Maine's Changing Climate Special 2021
Climate change. It's real. It's here. NEWS CENTER Maine explores what it means for Mainers, and what can be done about it in a one-hour special.
Climate change and extreme weather
3 Most-asked questions about electric cars
Maine bird species that may soon become extinct
How we know climate change isn't a natural cycle
Maine's wild blueberries feeling the heat from climate change
York County fruit farm adjusts with the climate
Maine wood, maple trees being affected by climate change
New climate norms bring warmer temps, more snow
Maine's lake ice seasons are getting shorter
Maine's ski resorts find ways to adapt to continuously rising temperatures due to climate change
Ancient ice tells scientists about climate change
Maine communities brace for cost of rising sea levels
Maine's forests, coastline, and wildlife are all facing new pressures from a changing climate.
For an hour, NEWS CENTER Maine explores what it means for Mainers, and what can be done about it.
When we talk about climate change it's easy to picture droughts, or wildfires far away. But now, families right in Maine are learning how to adapt to new conditions.
Let's take a closer look at why we're certain the climate is changing, and what we know about what's causing it.
Climate change and extreme weather:
The weather in Maine is changing, and specific trends in climate data show how. An extreme weather event is not necessarily evidence of climate change. An increasing frequency of events, however, is.
3 Most-asked questions about electric cars:
Keith Carson answers 3 of the most frequently asked questions about electric cars
Ever wondered how much your electricity bill would increase if you got an electric vehicle? Keith Carson did, too.
Maine bird species that may soon become extinct:
Several Maine bird species are threatened as the climate warms. One might well go extinct, another may simply move north.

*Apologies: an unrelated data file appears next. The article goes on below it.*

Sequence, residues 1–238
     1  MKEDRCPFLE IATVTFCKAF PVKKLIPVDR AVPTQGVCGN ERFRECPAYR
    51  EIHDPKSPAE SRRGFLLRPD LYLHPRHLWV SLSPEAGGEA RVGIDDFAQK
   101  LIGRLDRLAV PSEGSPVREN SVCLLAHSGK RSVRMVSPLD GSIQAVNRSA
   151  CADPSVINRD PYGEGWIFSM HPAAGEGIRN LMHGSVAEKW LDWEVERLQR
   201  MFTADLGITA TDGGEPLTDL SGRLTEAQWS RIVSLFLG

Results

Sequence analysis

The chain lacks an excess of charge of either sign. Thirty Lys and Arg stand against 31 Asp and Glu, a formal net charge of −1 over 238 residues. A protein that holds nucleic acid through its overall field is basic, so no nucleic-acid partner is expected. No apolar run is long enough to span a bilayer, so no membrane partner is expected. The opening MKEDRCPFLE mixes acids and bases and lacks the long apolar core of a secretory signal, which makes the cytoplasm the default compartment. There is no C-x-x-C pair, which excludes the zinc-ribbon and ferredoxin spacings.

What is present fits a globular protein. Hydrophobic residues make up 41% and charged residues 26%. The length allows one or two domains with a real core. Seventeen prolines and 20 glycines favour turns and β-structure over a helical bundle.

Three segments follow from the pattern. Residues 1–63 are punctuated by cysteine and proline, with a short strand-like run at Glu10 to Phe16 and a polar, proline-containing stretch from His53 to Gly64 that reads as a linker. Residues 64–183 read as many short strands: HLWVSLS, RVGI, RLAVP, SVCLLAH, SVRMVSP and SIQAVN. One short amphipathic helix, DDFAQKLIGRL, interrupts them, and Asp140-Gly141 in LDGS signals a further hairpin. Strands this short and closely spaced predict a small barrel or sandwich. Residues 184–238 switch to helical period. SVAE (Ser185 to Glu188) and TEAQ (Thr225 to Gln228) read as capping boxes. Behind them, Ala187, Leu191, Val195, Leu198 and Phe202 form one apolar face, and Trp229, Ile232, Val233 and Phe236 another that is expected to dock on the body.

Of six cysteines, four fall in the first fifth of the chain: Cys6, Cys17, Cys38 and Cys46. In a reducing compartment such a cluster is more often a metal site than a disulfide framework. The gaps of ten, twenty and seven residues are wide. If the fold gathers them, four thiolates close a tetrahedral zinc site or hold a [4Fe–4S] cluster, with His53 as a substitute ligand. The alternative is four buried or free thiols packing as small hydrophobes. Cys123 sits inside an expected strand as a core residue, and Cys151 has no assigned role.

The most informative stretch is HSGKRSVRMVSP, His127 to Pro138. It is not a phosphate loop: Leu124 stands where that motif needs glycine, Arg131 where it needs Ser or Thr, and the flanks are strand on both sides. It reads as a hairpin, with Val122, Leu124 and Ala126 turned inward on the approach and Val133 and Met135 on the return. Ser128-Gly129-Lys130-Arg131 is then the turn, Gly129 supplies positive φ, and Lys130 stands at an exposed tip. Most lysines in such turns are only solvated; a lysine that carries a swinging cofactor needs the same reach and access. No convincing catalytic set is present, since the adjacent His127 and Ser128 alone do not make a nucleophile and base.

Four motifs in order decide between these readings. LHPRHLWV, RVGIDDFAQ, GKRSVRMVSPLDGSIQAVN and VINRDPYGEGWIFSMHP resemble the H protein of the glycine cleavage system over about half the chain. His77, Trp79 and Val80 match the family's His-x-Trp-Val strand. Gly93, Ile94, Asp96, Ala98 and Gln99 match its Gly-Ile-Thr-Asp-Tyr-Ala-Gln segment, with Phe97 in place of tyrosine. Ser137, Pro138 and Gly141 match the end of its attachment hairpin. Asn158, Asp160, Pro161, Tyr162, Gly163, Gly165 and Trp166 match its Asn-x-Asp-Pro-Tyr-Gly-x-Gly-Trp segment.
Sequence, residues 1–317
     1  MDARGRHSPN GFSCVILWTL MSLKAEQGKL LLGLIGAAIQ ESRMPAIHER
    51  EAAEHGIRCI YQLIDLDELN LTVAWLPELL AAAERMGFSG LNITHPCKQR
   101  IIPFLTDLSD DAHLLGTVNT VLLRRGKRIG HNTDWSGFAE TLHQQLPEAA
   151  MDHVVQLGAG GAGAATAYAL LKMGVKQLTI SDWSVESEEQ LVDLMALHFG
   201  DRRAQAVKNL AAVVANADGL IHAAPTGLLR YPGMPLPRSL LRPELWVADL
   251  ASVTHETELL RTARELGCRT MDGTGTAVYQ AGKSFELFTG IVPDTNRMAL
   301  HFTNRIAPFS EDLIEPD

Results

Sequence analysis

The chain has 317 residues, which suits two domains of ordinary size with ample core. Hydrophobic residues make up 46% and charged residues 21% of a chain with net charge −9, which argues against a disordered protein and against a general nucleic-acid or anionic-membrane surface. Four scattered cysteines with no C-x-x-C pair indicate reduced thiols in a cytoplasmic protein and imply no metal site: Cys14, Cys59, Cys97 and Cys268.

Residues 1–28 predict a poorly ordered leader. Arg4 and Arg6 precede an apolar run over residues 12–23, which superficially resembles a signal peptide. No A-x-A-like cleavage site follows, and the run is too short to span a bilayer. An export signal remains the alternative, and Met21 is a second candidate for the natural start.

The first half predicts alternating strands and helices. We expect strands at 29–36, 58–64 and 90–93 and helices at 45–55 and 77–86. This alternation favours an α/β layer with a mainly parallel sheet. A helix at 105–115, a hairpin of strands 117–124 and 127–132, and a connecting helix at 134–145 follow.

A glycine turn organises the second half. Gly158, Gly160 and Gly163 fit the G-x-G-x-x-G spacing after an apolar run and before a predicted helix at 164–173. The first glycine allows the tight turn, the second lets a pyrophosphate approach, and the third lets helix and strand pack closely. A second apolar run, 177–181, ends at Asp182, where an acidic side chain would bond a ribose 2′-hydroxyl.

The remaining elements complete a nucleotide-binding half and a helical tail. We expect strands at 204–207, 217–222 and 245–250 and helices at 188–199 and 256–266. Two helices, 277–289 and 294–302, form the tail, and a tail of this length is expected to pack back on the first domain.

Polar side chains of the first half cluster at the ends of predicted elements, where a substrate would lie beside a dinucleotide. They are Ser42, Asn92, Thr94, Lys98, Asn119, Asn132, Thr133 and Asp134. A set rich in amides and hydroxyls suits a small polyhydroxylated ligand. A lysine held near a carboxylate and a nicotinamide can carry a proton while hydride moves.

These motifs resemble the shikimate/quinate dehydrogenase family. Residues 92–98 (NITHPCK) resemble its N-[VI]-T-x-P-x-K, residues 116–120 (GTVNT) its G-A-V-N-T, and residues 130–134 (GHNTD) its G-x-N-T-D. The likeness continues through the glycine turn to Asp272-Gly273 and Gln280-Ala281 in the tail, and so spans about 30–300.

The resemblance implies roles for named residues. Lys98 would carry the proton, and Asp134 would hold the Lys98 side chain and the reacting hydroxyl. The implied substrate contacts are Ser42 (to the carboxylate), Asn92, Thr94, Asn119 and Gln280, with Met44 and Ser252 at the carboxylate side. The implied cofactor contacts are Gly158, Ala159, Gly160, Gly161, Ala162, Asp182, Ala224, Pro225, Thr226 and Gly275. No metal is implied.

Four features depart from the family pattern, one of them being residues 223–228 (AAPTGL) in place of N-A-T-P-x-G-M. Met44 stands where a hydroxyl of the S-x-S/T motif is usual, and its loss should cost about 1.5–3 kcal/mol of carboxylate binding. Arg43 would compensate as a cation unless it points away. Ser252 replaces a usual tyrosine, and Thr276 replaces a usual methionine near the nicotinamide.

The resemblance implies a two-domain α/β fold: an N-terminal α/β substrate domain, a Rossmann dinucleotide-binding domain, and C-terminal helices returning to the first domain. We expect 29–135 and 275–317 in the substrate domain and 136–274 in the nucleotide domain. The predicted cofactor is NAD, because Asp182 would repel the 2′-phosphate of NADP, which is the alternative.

How we know climate change isn't a natural cycle:
With the Earth warming, it's getting more difficult for others to deny the reality of climate change.
At this point very few people, even in the depths of the internet, deny this fact.
Maine's wild blueberries feeling the heat from climate change:
Maine is home to the wild blueberry. Our state has the highest production of the crop in the world. It's a vital part of the state’s economy.
York County fruit farm adjusts with the climate:
Climate change has presented both challenges and opportunities for the Libby family, owners of Libby & Son U-Picks Fruit & Farm in York County.
It was a perfect spring day. Aaron Libby and I jumped in his four-wheeler and cruised up and down rows of flowering fruit trees. The sweet smell of the blossoms was intoxicating.
Maine wood, maple trees being affected by climate change:
While Maine's woods have survived many cycles and centuries of weather, the warming climate, we are told, will change them.
Changing temperatures are going to alter the forest in the decades to come.
New climate norms bring warmer temps, more snow:
Earlier this year, the National Oceanic and Atmospheric Administration issued a new set of climate “normals” for specific sites across the country. Portland and several locations across Maine made this list as they are climate collection sites for the National Weather Service.
Maine's lake ice seasons are getting shorter:
Lake ice seasons are falling victim to climate change, and a shorter lake ice season has economic and social impacts across the Pine Tree State.
Winter in Maine: dark, cold, and seemingly unending. Ask almost anyone, and they'll tell you that you have to have a hobby in order to keep your spirits high.
Maine's ski resorts find ways to adapt to continuously rising temperatures due to climate change:
With more sporadic winter storms and frequent high-wind days, ski resorts are capitalizing as much as they can on windows for snowmaking.
It shows skiing, like farming and fishing, is also impacted by climate change effects in Maine.
Ancient ice tells scientists about climate change:
University of Maine research has focused on the Arctic because it is highly sensitive to temperatures and warming there can lead to changes elsewhere.
The Arctic experienced what he calls “abrupt change” in temperatures from 2007 to 2012.
“Temperatures increased over a five-year period between 8 and 9 degrees Fahrenheit. That’s annual temperatures, not just summer or winter," Dr. Paul Mayewski, director of the University of Maine Climate Change Institute, told NEWS CENTER Maine. "That is as big a change in temperature, and as fast a change, as occurred between the last vestiges of the Ice Age and modern-day climate eleven-and-a-half thousand years ago.”
Maine communities brace for cost of rising sea levels:
Sailing into the harbor on the Vinalhaven ferry, visitors get a quick reminder that the island is home to one of the biggest lobster fleets in Maine. Carvers Harbor appears full of boats even when many are out fishing.
The core of the town — fishing wharves, the ferry terminal, gas pumps, stores, the fire department, even a motel — stretches out right beside the harbor.
It means the risk, or threat, from rising sea levels is very real in this town and others along the Maine coast.